# Unlimited mass can have not gravity

1. Mar 11, 2009

### Jarritos

Me and a friend where talking and he was saying that something that has unlimited mass can have not gravity. This notion goes against pretty much everything I was taught in school. So my questions is this theoretically possible?

2. Mar 11, 2009

### itsme

Re: Gravity

nothing can earn the mass of infinity according to the law of relativity so it is not theoretically possible to prove this

3. Mar 11, 2009

### neu

Re: Gravity

(I know next to no cosmology, please fill me in on my mistakes) Well, the nearest real concept that I can think of to an infinite mass object is a black hole, i.e. finite mass at a singularity, which clearly has gravity. We're orbiting a big fat one(s) right now.

4. Mar 11, 2009

### Subductionzon

Re: Gravity

A black hole does not have infinite mass at the singularity, it sometimes is said to have an infinite force of gravity at the singularity. Those are two very different things. Also if you throw something into a black hole from a safe distance you will never see it actually go into the black hole. The light that it reflects will be red shifted from here to eternity and if you have a sensitive enough device it will always "see" the object falling into the black hole.

5. Mar 11, 2009

### Kurdt

Staff Emeritus
Re: Gravity

Black holes do not have infinite mass.

6. Mar 11, 2009

### neu

Re: Gravity

Notice the word finite before mass in my post. You both apear to think I said infinite, I did not.

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7. Mar 12, 2009

### pallidin

Re: Gravity

I would agree that "infinite mass' is theoretically impossible, thus any considerations about it might be considered essentially irrelevant.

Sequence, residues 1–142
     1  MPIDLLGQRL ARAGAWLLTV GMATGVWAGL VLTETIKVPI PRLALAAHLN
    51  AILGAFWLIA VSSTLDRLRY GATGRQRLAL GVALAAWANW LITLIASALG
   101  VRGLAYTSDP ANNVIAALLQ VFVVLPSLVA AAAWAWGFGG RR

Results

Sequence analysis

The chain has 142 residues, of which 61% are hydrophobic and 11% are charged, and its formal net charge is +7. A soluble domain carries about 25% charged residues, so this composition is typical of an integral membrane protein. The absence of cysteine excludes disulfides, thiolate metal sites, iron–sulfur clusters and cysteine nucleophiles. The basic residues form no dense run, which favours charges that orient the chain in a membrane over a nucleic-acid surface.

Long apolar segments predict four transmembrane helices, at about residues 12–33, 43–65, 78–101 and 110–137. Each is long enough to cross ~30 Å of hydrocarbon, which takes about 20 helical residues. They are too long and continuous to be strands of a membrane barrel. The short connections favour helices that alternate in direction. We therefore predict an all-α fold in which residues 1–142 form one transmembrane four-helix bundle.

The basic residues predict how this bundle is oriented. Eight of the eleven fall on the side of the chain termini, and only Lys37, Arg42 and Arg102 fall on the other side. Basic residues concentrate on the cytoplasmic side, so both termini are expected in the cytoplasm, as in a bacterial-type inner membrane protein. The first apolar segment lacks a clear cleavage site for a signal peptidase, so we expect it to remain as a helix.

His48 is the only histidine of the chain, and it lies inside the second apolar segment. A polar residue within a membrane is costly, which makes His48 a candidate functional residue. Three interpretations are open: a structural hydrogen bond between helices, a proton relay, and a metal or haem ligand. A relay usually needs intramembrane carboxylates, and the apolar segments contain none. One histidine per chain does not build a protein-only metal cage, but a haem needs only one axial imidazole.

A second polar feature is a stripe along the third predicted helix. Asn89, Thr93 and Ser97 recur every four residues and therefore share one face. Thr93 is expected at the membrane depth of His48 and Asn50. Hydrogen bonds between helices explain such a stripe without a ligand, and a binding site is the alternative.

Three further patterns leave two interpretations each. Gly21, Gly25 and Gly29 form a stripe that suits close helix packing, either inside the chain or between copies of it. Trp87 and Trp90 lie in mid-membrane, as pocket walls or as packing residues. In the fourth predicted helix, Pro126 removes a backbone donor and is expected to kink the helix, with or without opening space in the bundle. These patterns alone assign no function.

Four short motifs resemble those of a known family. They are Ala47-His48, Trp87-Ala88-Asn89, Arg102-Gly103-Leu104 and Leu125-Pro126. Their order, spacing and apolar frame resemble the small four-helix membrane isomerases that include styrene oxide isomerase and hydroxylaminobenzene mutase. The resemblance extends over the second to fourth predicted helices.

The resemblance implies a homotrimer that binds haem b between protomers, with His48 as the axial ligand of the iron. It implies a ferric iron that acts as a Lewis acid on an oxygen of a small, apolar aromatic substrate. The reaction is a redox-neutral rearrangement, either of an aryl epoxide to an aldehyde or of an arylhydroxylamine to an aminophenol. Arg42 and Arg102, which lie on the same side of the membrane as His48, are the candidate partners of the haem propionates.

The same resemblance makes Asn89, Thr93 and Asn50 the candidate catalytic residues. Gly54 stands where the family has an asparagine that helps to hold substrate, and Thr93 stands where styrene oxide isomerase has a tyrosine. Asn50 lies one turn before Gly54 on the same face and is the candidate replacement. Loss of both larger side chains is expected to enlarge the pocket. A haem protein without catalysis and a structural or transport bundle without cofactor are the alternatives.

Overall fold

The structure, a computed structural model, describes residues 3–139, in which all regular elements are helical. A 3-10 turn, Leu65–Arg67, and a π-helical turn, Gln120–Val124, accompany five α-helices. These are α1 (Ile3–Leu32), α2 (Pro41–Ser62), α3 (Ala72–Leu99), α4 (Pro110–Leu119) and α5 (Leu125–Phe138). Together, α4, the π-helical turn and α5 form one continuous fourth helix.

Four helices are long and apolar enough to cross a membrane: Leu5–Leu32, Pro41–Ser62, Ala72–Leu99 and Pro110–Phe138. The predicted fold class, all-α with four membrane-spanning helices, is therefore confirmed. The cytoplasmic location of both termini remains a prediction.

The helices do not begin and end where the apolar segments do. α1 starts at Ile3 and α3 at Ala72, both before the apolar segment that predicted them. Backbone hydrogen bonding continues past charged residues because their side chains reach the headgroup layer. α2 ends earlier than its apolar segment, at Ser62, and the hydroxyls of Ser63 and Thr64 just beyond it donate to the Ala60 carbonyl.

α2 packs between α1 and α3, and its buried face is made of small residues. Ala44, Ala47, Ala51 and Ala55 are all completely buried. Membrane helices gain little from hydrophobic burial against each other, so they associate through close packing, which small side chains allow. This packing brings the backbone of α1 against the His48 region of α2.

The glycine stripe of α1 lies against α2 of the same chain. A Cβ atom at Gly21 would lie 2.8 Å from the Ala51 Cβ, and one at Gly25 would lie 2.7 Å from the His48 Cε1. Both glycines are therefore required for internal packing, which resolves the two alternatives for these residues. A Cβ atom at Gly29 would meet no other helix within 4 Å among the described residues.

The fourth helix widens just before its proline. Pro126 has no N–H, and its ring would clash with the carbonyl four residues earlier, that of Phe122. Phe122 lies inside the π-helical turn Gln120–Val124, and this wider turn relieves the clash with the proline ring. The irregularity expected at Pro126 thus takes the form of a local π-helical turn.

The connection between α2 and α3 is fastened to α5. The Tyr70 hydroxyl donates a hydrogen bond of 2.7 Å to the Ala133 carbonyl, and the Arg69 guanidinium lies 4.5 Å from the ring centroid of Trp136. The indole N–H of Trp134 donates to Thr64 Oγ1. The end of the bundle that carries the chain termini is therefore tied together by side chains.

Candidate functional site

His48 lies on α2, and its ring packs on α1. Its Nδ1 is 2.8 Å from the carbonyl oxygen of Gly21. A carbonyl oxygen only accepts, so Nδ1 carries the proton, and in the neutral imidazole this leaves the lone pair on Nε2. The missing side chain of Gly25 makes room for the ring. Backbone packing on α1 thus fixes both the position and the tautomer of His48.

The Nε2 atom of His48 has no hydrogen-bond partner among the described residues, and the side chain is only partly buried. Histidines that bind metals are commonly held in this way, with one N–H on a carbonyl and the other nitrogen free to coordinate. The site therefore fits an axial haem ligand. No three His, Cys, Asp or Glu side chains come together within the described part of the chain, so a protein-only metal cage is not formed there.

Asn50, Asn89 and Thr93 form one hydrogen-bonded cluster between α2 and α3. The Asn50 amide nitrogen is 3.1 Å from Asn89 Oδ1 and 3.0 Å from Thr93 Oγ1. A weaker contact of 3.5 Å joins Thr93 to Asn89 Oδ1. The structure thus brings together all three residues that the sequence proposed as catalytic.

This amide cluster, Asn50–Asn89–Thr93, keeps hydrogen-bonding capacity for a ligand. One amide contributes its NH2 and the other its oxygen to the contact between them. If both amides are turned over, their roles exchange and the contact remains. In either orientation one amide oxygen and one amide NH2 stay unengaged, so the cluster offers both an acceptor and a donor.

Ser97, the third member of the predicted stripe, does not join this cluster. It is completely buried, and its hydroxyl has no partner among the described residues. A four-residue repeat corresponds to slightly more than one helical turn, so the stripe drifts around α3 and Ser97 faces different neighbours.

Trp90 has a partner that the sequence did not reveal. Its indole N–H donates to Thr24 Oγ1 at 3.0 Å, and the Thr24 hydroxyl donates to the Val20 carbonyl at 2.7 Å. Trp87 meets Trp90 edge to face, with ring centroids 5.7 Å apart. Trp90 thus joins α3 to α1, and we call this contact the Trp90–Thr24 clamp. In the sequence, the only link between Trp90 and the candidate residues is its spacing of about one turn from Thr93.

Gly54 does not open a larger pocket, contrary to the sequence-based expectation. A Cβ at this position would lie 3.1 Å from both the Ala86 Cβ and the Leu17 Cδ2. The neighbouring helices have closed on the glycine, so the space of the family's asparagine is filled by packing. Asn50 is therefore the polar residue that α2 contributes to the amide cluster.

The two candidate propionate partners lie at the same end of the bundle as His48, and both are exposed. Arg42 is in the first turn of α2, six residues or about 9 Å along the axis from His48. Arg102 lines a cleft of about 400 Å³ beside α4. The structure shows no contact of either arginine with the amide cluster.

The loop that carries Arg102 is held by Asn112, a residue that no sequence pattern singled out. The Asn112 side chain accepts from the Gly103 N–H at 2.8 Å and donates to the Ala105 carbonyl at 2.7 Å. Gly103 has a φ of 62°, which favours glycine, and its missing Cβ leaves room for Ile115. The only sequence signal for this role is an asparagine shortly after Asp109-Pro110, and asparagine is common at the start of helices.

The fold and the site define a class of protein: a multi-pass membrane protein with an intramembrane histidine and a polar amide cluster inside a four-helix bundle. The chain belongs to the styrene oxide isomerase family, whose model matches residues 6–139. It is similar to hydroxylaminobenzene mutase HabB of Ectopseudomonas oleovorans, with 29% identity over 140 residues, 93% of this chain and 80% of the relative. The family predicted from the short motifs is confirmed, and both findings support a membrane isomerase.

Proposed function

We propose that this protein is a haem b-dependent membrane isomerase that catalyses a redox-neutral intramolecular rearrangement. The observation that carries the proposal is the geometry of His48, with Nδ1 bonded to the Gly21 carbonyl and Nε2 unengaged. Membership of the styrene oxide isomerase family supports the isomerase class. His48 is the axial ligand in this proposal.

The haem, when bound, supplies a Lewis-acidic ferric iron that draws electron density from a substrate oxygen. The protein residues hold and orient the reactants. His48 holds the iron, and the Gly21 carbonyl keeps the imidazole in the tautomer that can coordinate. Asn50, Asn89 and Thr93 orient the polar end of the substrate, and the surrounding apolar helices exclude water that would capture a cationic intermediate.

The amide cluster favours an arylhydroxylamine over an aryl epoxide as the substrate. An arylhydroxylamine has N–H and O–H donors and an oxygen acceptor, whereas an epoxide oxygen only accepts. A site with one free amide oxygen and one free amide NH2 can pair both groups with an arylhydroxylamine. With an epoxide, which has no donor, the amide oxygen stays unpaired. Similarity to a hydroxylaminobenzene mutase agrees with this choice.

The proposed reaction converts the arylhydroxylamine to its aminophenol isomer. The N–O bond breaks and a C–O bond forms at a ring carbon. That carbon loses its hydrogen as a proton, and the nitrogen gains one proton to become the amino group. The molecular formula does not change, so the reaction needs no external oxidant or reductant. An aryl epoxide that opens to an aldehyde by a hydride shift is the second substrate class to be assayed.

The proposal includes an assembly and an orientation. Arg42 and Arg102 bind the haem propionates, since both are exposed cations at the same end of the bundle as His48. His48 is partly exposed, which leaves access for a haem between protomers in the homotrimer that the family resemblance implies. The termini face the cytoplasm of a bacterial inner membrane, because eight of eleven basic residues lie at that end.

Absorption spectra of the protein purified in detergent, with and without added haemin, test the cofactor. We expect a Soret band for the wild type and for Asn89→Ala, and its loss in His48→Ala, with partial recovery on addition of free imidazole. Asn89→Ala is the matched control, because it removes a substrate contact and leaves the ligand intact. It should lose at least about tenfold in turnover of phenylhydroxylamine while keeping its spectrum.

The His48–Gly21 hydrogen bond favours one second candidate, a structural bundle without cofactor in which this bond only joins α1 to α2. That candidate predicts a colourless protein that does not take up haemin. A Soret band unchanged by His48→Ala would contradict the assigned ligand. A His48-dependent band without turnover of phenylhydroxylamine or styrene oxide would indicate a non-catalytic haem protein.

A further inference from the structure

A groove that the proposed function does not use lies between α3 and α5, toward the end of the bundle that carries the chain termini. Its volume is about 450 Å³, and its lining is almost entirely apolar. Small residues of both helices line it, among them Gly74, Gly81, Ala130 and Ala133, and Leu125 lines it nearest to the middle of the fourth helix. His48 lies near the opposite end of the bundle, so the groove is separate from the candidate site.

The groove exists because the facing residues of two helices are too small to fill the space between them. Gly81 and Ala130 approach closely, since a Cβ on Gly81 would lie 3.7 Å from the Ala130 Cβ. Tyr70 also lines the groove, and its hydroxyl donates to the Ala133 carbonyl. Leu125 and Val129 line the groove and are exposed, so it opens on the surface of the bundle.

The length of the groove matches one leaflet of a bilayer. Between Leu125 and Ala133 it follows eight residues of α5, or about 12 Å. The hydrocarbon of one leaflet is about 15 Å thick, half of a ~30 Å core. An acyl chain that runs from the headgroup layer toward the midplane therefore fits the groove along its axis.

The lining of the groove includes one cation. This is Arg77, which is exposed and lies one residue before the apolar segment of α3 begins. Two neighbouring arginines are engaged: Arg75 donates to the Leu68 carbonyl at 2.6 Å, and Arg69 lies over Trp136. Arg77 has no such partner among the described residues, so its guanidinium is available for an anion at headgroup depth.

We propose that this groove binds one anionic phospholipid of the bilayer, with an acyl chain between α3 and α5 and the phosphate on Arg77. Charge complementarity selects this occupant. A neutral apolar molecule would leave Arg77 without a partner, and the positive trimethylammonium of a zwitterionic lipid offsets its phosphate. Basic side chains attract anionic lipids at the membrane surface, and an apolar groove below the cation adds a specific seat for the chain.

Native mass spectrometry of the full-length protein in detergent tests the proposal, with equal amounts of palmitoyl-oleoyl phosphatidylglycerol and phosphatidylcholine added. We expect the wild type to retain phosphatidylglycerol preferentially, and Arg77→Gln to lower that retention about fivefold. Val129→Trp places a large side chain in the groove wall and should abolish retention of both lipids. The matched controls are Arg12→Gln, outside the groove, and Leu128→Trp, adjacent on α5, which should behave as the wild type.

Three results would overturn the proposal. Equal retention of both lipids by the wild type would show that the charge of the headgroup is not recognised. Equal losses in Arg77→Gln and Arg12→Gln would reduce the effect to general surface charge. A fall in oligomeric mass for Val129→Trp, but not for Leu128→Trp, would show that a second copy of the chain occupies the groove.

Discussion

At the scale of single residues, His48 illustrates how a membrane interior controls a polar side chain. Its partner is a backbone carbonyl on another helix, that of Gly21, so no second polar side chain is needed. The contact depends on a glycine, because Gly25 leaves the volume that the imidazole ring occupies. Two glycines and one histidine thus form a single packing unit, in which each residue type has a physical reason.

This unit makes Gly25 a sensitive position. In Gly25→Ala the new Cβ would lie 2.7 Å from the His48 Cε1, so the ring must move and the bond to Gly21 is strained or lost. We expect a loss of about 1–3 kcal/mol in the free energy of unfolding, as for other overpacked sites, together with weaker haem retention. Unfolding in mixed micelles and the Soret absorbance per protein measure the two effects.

But that's only a point-of-view, and I could be wrong.

8. Mar 12, 2009

### v2kkim

Re: Gravity

The BH at our galaxy center is known to have 4 million times mass of the sun, and some BHs have billion times of sun, so their mass is huge though not infinity.

9. Mar 12, 2009

### Archosaur

Re: Gravity

It is not possible to have infinite mass, but you can write a limit:

$${Lim}_{M\rightarrow\infty}{G}\frac{{M}\cdot{m}}{R^{2}}=\verb!a s#&@ ton of gravity!$$

10. Apr 5, 2009

### itsme

Re: Gravity

not only the black holes but actually nothing have infinite mass according to the laws of relativity of mass

11. Apr 5, 2009

### isabelle

Re: Gravity

I don't know any reason infinite mass is ruled out in theory, but thanks to modern cosmology we know that the total amount of mass-energy in the visible universe is finite.

In the standard model mass is a lorentz invariant scalar quantity, so there is no 'relativity of mass' i.e. mass is invariant under the actions of the lorentz group.

In physics units $\hbar = c = 1$ there is only one kind of dimensionful quantity, energy (which has the same units as mass) or the reciprocal of energy which is distance (which has the same units as time). In other words, since mass has units we can always choose the system of units so that the masses that appear in our equations are arbitrarily large numbers, and the laws of physics are unaffected by a chang of units.

When we solve the planetary orbit or the hydrogen atom, we use the reduced mass approximation with the sun/proton being infinitely heavy compared to th planet/electron.

Last edited: Apr 5, 2009